CAPE CANAVERAL, Fla. — With a bell marking their departure, two Americans and one Russian set out for home Monday aboard space shuttle Discovery, leaving behind the space station where they had lived for more than five months.
"It's time to say goodbye, station, and good luck, new crew," said Yuri Usachev, who is returning to Earth after a stint as commander of the international space station.
Astronaut Susan Helms said leaving was the low point of her space station mission.
"I think I've been in denial about this whole departure thing and I wasn't really quite ready to go because I've enjoyed the tour so much," Helms said in an interview with Associated Press. "As we were looking at it get smaller and smaller in the window, I think at least a couple of us felt a feeling of sadness that the whole adventure had come to an end."
Discovery undocked from the space station as they soared more than 250 miles above the southern Pacific. As it slowly backed away, the space station's new commander, Frank Culbertson, a retired Navy captain, rang his ship's bell several times in the tradition of the high seas.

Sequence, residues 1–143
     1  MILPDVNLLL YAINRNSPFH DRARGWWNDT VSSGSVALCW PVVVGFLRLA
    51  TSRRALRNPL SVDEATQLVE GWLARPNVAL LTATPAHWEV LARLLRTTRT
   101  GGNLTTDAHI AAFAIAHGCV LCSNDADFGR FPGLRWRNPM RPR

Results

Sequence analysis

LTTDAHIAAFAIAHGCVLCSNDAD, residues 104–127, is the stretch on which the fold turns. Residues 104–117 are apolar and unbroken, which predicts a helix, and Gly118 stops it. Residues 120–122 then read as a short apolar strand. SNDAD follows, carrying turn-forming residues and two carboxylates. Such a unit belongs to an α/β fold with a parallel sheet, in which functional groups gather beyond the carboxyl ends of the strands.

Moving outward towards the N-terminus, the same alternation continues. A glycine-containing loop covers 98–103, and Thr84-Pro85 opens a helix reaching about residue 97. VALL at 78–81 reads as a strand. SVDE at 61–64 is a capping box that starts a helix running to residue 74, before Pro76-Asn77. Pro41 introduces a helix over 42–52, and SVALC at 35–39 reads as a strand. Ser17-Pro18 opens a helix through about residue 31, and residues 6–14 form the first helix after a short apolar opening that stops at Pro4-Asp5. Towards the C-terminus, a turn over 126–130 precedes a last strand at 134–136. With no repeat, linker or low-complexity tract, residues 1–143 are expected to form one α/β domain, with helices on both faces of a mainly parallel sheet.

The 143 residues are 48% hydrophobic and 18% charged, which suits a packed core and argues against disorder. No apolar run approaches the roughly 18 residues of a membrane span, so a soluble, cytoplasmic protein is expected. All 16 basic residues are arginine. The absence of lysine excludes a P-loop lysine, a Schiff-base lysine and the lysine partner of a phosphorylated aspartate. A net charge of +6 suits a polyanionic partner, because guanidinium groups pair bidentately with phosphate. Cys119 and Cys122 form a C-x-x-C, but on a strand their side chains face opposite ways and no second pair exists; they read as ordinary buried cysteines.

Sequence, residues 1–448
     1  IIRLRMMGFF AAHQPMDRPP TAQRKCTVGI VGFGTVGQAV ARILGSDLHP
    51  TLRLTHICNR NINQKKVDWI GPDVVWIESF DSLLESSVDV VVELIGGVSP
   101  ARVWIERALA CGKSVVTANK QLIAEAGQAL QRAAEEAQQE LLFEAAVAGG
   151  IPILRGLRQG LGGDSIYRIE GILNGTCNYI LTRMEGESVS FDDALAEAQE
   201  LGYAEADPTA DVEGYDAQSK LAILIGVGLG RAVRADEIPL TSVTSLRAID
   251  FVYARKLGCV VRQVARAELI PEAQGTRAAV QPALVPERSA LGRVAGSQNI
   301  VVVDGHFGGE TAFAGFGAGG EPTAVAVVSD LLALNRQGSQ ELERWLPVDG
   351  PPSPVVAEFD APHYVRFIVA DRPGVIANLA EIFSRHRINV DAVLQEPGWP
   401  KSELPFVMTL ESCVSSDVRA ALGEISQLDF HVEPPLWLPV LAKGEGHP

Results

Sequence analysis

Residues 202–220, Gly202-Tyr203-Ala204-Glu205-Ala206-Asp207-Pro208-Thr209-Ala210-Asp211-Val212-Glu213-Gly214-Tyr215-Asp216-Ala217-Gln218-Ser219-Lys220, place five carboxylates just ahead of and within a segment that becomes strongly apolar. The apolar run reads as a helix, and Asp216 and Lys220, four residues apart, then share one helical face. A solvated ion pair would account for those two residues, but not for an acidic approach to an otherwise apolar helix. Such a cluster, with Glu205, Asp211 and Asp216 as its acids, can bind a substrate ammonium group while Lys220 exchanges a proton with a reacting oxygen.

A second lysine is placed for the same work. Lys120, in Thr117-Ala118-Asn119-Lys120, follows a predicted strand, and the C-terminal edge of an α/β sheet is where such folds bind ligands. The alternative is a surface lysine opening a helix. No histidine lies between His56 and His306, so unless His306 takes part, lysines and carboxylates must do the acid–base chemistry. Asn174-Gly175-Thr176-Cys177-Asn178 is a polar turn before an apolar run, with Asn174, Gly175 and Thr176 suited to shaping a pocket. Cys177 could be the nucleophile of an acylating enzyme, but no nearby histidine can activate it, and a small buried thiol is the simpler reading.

"Thanks a lot guys, see you later . . . and have a wonderful landing," Culbertson called out. He bid goodbye in Russian to Usachev, Helms and their crew mate, Jim Voss.
Discovery is due back at Cape Canaveral on Wednesday afternoon. The touchdown will end a 167-day mission for Usachev, Voss and Helms, who took off aboard Discovery on March 8 and became the space station's second resident crew. The shuttle returned for them more than a week ago and dropped off their successors.
Culbertson, Vladimir Dezhurov and Mikhail Tyurin will spend the next four months aboard the space station, taking delivery of a Russian docking compartment in September, a new Russian lifeboat in October and at least two Russian supply ships.
Unlike the previous expedition, which enjoyed frequent shuttle visits and even entertained a paying tourist, Culbertson and his crew will not see another space shuttle until Endeavour arrives in December to bring them home. Their only visitors will be the two Russian cosmonauts and one French astronaut who will drop off the Soyuz lifeboat.
The mission by Usachev, Voss and Helms is NASA's second-longest ever, but pales in comparison with the Russian experience.
The U.S. space endurance record remains Shannon Lucid's 188-day Mir mission in 1996, and the world record remains Russian Valery Polyakov's 438-day Mir mission in 1994 and 1995.